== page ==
ii. Domain of rational functions does not include those points where g(x) = 0. For example, the domain of  is R – {2}.
Modulus function
i. The function f: R → R denoted by f(x) = |x| for each x ε R is called modulus function.
ii. The modulus function is defined as f(x) = x if x ≥ 0 and f(x) = −x if x < 0.
iii. The graph of a modulus function is above the x-axis as shown in the figure.

Step or greatest integer function
i. A function f: R → R denoted by f(x) = [x], x ε R, where [x] represents the value of greatest integer, less than or equal to ‘x’ is called a step or greatest integer function. It is also called a floor function.

Smallest integer function
A function f: R → R denoted by f(x) = [x], x ε R where  is the value of the smallest integer, greater than or equal to ‘x’ is called a smallest integer function. It is also known as the ceiling function.
Signum function
i. A function defined by f(x) = , x ≠ 0 and 0 for x = 0 is called signum function.
ii. The domain of a signum function is R and its range is {−1, 0, 1}.

Exponential function
If ‘a’ is a positive real number other than unity, then a function which relates each x ε R to ax is called the exponential function.

Logarithmic function
If a > 0 and a ≠ 1, then the function defined by f(x) = loga x, x > 0 is called the logarithmic function.

Reciprocal function
The function defined by f : R - {0} → R such that,   is called the reciprocal function.

Square root function
The function defined by f : R+ → R such that, is called the square root function.
Square function
The function defined by f : R → R such that, f(x) = x2 is called the square function.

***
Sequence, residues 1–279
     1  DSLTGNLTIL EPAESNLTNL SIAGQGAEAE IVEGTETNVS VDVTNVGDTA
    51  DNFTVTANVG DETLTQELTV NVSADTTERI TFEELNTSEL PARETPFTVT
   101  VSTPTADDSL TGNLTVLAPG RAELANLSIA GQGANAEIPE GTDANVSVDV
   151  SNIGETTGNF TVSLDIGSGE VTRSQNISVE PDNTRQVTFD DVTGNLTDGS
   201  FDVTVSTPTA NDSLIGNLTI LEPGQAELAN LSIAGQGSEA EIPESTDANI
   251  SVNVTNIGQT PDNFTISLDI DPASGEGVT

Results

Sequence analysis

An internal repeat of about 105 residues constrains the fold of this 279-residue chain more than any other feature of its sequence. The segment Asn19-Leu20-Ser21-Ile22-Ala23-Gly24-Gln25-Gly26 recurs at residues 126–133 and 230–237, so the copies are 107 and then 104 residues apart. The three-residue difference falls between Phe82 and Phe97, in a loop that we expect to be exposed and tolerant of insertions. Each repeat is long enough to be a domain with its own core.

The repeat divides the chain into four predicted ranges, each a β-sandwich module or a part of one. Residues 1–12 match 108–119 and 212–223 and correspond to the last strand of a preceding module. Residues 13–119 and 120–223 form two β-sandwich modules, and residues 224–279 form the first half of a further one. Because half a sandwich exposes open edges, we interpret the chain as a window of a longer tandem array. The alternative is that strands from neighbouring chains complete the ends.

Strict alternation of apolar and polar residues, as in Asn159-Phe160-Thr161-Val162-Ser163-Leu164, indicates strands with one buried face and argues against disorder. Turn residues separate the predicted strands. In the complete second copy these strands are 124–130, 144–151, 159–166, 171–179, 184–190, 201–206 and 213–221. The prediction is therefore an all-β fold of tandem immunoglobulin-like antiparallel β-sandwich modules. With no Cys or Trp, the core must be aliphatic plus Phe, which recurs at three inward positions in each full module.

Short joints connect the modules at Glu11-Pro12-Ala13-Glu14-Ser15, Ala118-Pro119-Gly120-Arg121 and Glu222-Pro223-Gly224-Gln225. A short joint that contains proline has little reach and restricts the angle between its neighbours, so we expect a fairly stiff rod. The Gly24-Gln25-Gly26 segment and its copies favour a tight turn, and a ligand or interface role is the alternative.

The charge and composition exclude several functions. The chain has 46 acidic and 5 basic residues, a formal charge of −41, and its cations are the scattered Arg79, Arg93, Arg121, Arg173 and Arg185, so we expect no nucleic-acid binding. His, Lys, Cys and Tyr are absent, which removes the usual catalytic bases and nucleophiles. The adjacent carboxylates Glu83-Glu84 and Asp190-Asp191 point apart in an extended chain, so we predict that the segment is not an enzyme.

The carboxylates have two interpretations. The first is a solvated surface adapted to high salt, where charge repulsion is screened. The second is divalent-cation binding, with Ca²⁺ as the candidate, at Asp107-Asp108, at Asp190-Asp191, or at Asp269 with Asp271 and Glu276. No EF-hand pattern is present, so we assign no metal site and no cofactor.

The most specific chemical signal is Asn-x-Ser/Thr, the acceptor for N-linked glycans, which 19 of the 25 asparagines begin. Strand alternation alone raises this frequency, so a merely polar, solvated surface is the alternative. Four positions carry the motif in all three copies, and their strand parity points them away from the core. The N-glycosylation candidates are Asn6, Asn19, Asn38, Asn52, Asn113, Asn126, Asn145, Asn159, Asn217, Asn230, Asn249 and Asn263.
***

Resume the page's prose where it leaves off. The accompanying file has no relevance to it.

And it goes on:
Cube function
The function defined by f : R → R such that, f(x) = x3 is called the cube function.

Cube root function
The function defined by f : R → R such that,  is called the cube root function.

Inverse of a function
i. If f: A → B is a bijective function, then for every x ∈ A, we have a y ∈ B, such that y = f (x). A new function f–1 from B to A which associates each element y ∈ B to its pre-image x = f–1(y) ∈ A can be defined and this function f–1 is called the inverse of function f.
ii. Method to find f–1 if f is bijective
Step 1: Put y = f (x).
Step 2: Solve y = f (x) and express x in terms of y.
Step 3: The value of x obtained in step 2 gives f–1(y).
Step 4: Replace y by x in f–1(y) to obtain f–1(x).
Even and odd functions
i. If f (x) is a function of x such that f(–x) = f(x) for every x ∈ domain, then f (x) is an even function of x.
ii. If f (x) is a function of x such that f(–x) = – f(x) for every x ∈ domain, then f (x) is an odd function of x.

5. Algebra of Real functions
Let f : X → R and g: X → R be two real functions, where X ⊂ R. Then
• (f + g): X → R is defined as (f + g) (x) = f(x) + g(x), x ε X.
• (f – g): X → R is defined as (f – g) (x) = f(x) – g(x), x ε X.
• (f ∙ g): X → R is defined as (f ∙ g) (x) = f(x) ∙ g(x), x ε X.
• (kf): X → R is defined as (kf) (x) = k (f(x)), x ε X, where k is a real number.
•
• (f + k) (x) = f(x) + k
• fn (x) = [f(x)]n

6. Composition of functions
Let f : A → B and g : B → C be two functions. Then a function gof : A → C defined by (gof) (x) = g (f (x), for all x ∈ A is called the composition of f and g.